Rules? Ok, I’ll bite. Rule #1: Use the toolkits provided for UI elements and use the system font. Ok so far, but I’m still not comfy with “rules” for interactive products. Rule #2: Common Controls and dialogs. First illustration:
Anyone spot the owie here? Well, two, really, but stupid and superfluous as displaying all the various file extensions for the image type is, I’d be here all night talking about how much Windows shows TMI. Well, three: where’s the large type clearly indicating the reason you’re being bothered with a modal dialog?
Americans, in case you hadn’t noticed, read left-to-right, top to bottom. They’ve correctly defaulted the “Save” button, but haven’t put it in the proper place: the bottom-right of the dialog is the logical end point of the dialog box. Put the defaulted button there. That’s the logical choice for Roman scripts (like English, Dutch, German, western languages in general) and that implies a natural target. The default choice should be in the natural target area. I imagine more than once, Windows users have clicked “Cancel” by accident since it’s the final element.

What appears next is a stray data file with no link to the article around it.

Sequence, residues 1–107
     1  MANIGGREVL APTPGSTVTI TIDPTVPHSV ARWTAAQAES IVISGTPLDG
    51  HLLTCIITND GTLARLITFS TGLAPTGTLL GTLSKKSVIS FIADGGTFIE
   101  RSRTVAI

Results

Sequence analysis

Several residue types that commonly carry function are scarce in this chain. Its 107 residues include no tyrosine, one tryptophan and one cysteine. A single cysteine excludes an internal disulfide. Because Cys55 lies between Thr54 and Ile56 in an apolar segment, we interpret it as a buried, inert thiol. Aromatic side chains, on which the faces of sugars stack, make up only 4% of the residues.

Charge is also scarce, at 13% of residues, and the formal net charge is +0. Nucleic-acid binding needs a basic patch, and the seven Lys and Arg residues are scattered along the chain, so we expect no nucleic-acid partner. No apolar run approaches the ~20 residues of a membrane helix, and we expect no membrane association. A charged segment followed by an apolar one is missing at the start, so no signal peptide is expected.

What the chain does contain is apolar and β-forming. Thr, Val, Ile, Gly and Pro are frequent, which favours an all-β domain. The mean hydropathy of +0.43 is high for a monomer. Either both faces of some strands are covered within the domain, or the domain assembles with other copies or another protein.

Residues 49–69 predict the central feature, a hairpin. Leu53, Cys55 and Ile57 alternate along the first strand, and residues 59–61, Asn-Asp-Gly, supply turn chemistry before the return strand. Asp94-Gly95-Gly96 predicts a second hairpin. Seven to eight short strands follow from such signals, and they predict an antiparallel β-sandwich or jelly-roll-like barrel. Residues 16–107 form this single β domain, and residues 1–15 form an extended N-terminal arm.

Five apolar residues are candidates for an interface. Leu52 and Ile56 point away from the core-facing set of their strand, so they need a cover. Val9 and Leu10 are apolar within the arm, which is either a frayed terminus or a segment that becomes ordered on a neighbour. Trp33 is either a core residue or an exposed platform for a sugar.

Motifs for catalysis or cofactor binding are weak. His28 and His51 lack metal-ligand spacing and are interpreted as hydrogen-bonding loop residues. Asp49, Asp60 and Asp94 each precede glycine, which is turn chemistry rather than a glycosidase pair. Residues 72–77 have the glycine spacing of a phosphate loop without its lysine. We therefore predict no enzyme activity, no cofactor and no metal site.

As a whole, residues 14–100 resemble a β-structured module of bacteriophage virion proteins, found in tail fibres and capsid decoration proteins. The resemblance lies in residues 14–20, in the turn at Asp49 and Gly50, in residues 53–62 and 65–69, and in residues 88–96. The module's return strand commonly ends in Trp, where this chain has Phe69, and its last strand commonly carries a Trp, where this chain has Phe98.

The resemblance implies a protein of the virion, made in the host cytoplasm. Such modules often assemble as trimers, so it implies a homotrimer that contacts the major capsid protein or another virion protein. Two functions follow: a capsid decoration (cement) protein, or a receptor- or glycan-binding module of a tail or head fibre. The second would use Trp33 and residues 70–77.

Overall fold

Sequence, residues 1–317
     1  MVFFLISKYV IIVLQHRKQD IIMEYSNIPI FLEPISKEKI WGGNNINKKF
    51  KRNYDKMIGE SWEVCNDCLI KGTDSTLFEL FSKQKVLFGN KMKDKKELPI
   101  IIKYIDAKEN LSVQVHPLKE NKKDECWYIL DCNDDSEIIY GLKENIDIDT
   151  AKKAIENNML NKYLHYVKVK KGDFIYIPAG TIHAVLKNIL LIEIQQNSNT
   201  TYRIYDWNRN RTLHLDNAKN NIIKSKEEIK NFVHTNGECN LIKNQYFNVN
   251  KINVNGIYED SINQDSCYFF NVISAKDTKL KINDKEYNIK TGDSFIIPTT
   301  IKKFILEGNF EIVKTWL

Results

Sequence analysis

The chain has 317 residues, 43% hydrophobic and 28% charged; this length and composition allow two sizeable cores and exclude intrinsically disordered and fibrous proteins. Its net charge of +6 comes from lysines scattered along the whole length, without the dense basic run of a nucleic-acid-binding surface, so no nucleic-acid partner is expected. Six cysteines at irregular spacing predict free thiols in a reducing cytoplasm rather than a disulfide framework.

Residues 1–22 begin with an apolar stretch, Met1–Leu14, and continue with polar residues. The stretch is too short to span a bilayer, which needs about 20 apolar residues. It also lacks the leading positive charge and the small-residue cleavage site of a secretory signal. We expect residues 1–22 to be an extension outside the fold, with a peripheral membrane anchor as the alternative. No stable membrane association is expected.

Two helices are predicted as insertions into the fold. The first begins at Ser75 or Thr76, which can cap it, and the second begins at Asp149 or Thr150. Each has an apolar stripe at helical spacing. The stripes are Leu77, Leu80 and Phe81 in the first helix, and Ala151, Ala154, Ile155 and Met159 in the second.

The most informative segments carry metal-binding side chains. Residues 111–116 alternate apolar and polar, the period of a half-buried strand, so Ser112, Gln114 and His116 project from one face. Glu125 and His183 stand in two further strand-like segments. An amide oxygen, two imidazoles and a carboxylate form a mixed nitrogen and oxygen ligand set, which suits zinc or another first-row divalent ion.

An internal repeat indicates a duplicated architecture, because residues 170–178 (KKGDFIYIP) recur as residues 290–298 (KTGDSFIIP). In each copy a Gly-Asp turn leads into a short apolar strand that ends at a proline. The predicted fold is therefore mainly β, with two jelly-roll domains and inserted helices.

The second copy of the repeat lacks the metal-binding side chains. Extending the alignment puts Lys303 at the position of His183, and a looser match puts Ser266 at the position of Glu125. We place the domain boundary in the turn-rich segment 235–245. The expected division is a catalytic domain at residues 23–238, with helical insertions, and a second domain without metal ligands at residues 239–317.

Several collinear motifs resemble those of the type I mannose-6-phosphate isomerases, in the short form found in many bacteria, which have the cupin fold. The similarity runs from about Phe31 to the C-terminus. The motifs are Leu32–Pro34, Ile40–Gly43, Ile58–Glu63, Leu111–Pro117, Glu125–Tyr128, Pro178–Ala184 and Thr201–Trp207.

Yes, I really could go on and on and on. Just let me add one little bit of wisdom from the Icons section: “Icons in Windows Vista are either three-dimensional and shown in perspective as solid objects, or two-dimensional objects shown straight-on. Use flat icons for files and for objects that are actually flat, like documents or pieces of paper.”
Yeaaaah, flat. Is flat. Flat for flat. Flatty, Flatty two by four.
Except the icon representing a piece of paper is a piece of paper that’s dog-eared. Dog-eared ain’t flat. And even if it was flattened, paper still has thickness. For their argument, wouldn’t a flat panel display be flat? No? Huh.